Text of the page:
Begin with good questions

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Auto Dealer GM Patrick Abad says: “If you follow the program, it can be successful for anyone!”

Breakthrough begins by asking good questions, which create more questions.

I firmly believe leaders do not need to be told what to do and how to do it. By asking questions, my coaching clients reveal the answers to themselves. This form of dynamic interviewing has been traced back to Socrates and honed by the best mentors for millennia. There is a reason this timeless method continues to thrive: it delivers answers people are most likely to act on, while creating ongoing questions that lead to even better answers. Time and again, I have seen this process lead to breakthrough.

“Go in with good questions…”

When people ask me what I mean by “good questions,” the answer is found in defining what I mean by listening “for” rather than listening “to.” When we listen “to” someone, we hear what they are saying, and we often miss “why” they are saying it. That meaning fuels the words, and reveals who that person is being in that moment. Are they frustrated? Hopeful? Determined? Resigned? Are they focusing on positive choices, or are they stuck in negative thinking based on past experiences?

We act out of who we are being, not what we say. Why we do what we do is often based on our past experiences. Sometimes, this puts limits on the way we think and act in the moment.  That’s why a person will express a goal or an intention, then do something different, maybe even making a decision counterproductive to the expressed goal. We don’t do this because we’re foolish or shortsighted … we behave this way when who we are being is not in line with what we are thinking. Good questions open us up, so we see this for ourselves.

“Ask the right follow up questions…”

Listening “to” someone will reveal what they are saying, leaving the listener trying to decode that message. This often creates miscommunication and misunderstanding, which may not even be revealed until much later. Listening “for” someone puts the focus on who that person is being as they say what they’re saying: Are they in the present? Are they looking ahead, or are they stuck, making decisions based on their past?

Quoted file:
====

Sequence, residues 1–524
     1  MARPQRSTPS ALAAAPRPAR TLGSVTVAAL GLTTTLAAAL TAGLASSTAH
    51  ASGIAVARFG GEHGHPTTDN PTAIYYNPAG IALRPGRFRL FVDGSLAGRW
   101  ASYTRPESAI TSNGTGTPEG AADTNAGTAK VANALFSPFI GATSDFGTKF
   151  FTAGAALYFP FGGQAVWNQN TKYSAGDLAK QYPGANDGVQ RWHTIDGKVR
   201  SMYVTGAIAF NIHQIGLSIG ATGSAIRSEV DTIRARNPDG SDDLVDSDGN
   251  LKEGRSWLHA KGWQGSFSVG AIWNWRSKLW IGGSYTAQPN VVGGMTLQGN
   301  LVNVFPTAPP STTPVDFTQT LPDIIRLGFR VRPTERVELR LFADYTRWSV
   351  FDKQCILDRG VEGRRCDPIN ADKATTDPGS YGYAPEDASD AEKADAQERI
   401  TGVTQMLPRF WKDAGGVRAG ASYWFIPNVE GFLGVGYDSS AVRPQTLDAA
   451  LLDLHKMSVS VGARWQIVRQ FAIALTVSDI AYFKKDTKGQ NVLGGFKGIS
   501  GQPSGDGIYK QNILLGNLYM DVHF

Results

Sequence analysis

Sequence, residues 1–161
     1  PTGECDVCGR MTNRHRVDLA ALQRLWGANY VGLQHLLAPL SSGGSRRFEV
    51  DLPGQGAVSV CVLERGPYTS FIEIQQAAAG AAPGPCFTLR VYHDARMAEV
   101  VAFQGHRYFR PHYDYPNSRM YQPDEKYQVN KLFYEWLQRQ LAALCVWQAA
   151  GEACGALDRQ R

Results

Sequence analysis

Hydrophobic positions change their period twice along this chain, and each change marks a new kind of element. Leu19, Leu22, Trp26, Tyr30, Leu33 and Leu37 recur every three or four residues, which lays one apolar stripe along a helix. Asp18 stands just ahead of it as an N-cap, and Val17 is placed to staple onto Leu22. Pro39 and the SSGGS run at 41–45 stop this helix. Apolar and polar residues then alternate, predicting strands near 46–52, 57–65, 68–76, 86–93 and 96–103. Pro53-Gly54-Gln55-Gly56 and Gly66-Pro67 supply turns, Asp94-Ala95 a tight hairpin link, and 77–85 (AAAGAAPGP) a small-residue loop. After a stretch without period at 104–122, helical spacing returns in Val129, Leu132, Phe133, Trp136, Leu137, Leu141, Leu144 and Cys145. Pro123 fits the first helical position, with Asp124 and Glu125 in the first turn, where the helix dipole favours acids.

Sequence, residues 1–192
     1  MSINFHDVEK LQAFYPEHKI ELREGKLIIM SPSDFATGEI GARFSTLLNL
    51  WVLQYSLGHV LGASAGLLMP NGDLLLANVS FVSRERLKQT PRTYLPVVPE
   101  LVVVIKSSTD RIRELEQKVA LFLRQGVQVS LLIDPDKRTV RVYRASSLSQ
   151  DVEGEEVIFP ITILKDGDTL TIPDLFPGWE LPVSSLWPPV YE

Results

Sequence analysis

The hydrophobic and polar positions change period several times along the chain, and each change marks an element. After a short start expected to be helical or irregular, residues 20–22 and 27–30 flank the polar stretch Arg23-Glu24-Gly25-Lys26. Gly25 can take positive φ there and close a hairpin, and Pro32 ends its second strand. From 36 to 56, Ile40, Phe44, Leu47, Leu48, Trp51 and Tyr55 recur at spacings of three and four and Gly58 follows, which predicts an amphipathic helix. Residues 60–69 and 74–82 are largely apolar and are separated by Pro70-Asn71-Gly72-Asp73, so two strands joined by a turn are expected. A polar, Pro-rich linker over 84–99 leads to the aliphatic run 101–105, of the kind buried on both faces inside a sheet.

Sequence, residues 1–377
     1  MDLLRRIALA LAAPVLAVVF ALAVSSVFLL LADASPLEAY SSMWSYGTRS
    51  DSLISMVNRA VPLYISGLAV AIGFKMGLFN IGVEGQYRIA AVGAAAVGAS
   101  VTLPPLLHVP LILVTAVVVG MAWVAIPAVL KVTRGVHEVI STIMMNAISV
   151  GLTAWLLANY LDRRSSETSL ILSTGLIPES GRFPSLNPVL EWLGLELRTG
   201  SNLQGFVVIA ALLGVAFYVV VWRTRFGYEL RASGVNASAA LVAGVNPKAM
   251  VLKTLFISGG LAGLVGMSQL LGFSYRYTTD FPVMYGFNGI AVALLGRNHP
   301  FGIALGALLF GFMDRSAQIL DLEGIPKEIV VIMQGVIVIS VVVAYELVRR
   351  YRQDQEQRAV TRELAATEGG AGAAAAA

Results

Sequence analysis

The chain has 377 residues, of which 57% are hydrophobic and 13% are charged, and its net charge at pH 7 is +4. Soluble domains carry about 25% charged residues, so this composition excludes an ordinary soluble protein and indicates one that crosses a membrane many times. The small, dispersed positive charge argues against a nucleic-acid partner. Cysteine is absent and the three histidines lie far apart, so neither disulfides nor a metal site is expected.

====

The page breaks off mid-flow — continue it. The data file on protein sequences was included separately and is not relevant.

“Give the person time to think…”

Accountability is a vital step in personal growth for every leader. Often, that accountability focuses on pre-determined and specific actions intended to create certain results. My approach may include this, however I’ve found it more effective to facilitate a conversation that causes people to shift their thinking in the moment in a way that identifies their best options, while increasing their influence and their capacity to lead on a continual basis. Once a shift in thinking is made, the possibility to choose freely is revealed and the follow through to action becomes natural.

“Come back, listen, ask…”

My intention is to help my clients identify and implement a shift in their thinking that leads to a consistent personal growth process. This will naturally reveal specific mindsets that will need to be shifted, without making a person feel “wrong” and prescribe a “fix.” Through questioning, listening and co-creating new questions, my clients are free to choose how they will address what’s been revealed. As we continue to ask and answer questions, we create  breakthrough, allowing further growth, in ourselves as well as others around us.

Adding value in this way causes transformational conversations leading to transformational leadership.

What People are Saying About Trish

“Trish truly has a gift!”

“Two years ago, I brought Trish on to United as a mentor and coach for all my managers. She immediately helped my team identify our top five priorities, and then the number one. Our first year working with Trish, we grew 37%. In year two, we grew 55%. And, with our new safety program Trish helped the team build, we saved $240,000 in Worker’s Compensation… Trish is amazing!”

— Valerie Sherman, CEO, United Building Maintenance, Inc.

When we invest in personal growth, we recognize opportunities all around us.